NVIDIA (NASDAQ: NVDA) , the leader in the graphics processor chip industry, released the financial report for its recently ended fourth quarter and year-end. The company beat its own forecast and produced a record quarter and full year in several respects, but the market didn't seem pleased with its performance. Let's look at some of the key metrics -- and a few reasons the stock may be stalled.
NVIDIA Tesla P100 chip provides top performance for artificial intelligence applications. Image source: NVIDIA.
Revenue increased by 55%
Revenue for the quarter was a record $2.173 billion, increasing 55% over the prior-year quarter. Revenue for the full year was $6.91 billion, also a record, up 38% year over year. This revenue comes from five sources: gaming, professional visualization, data center, auto, and OEM & IP. Gaming was the largest contributor, representing 62% of total revenue.
Datacenter revenue up 205%
Data center revenue -- while only comprising 7% of total revenue -- provided the most impressive gains, up 205%. NVIDIA attributes this growth to the "rapid adoption of AI worldwide." This growth is the result of the company's graphics processing units' (GPUs) use in deep learning artificial intelligence (AI) applications. This technology is accelerating and companies are adopting NVIDIA's GPUs for their systems internally, and some are paying for access to the processing power as a service, hosted on the cloud. NVIDIA sees this growth continuing as other companies follow the lead of big tech in leveraging gains from deep learning.
OEM & IP
Data from NVIDIA 10-k. All figures in million. YOY = year over year.
Net income grew 216%
Net income reached $655 million, up from $207 million in the prior-year quarter, an increase of 216%. GAAP (generally accepted accounting principles) diluted earnings per share were $0.99 compared to $0.35, an increase of 183%. I like to see net income increase faster than revenue, as this indicates expenses are being kept in check. This was indeed the case, as operating expenses as a percentage of revenue decreased to 26% compared to 38% in the prior-year quarter.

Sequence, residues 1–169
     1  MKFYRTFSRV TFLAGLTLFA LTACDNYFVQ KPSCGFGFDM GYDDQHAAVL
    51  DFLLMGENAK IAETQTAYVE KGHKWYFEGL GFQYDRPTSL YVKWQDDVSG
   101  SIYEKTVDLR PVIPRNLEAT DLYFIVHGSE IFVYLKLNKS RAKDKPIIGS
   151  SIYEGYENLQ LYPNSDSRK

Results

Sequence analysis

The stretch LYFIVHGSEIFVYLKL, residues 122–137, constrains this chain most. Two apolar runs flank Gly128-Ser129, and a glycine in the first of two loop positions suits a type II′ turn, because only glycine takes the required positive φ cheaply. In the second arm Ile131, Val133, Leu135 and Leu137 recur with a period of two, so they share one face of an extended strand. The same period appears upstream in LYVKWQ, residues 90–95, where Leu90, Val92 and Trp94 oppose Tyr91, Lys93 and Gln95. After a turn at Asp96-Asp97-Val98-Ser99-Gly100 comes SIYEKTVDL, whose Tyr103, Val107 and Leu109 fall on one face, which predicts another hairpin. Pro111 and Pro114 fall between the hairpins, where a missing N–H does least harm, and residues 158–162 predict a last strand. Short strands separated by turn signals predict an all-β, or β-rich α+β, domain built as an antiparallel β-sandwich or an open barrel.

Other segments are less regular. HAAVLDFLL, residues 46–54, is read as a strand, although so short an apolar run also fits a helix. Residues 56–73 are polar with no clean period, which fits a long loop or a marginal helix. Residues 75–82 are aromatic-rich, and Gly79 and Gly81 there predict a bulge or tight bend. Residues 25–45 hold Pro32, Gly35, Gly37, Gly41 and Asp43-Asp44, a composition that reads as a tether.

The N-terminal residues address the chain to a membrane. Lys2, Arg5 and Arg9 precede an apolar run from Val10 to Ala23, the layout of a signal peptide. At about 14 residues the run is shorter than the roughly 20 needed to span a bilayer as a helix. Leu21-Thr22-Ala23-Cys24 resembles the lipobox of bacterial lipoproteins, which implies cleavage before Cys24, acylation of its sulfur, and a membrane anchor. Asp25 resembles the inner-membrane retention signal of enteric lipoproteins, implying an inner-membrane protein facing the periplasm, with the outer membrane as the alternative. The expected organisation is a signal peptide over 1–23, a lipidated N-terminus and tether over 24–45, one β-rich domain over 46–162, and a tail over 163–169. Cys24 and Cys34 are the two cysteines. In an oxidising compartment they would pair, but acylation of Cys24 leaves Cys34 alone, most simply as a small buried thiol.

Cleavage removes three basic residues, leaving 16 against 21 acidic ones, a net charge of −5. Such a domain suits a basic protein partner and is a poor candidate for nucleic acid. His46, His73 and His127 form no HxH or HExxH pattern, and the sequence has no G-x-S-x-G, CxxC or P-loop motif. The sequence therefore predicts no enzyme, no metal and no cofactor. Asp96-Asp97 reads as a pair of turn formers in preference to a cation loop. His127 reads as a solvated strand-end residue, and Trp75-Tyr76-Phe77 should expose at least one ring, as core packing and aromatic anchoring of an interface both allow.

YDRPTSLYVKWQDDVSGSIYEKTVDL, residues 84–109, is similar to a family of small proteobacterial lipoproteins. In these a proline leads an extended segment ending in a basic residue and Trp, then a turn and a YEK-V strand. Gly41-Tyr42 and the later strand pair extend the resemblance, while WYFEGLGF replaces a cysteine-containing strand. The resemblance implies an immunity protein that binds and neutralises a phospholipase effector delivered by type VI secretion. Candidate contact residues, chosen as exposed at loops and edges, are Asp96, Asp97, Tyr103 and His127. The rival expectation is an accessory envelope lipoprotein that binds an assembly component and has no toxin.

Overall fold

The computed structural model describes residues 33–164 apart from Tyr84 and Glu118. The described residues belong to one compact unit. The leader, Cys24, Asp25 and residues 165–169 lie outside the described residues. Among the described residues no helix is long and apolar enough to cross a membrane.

GAAP gross margin increased by 350 bps
GAAP gross margins increased to a record 60% from 56.5% in the prior-year quarter. Even more impressive is that gross margins increased sequentially, from last quarter's record 59%. This is indicative of declining cost of revenues.
NVIDIA's new flagship GeForce GTX 1080 GPU for gaming. Image source: NVIDIA.
Cash, cash equivalents and marketable securities increased by over $1 billion
Cash and cash equivalents exceeded $6.798 billion, up from $5.037 billion, an increase of 35% over the prior-year quarter.
Returned over $1 billion to shareholders
The company reported that it repurchased $739 million in shares and paid $261 million in dividends for the year. It should be noted, though, that the share count increased year over year from 539 million shares to 553 million shares, an increase of 14 million shares. This is a result of stock based compensation, which some believe is justified, while others argue it's money down a hole. Time will tell.
If it was such a great quarter, why didn't the stock move?
This was a phenomenal quarter by nearly every metric -- the blowout everyone expected -- but it was likely already priced in. The stock was expensive at 52 times GAAP earnings, and it will make for tougher comps going forward. Others may feel they have "missed" the stock price run-up and be reluctant to buy. Foolish investors should continue to watch the operational and financial performance and be less concerned with short-term stock prices. So far, NVIDIA is making all of the right moves.
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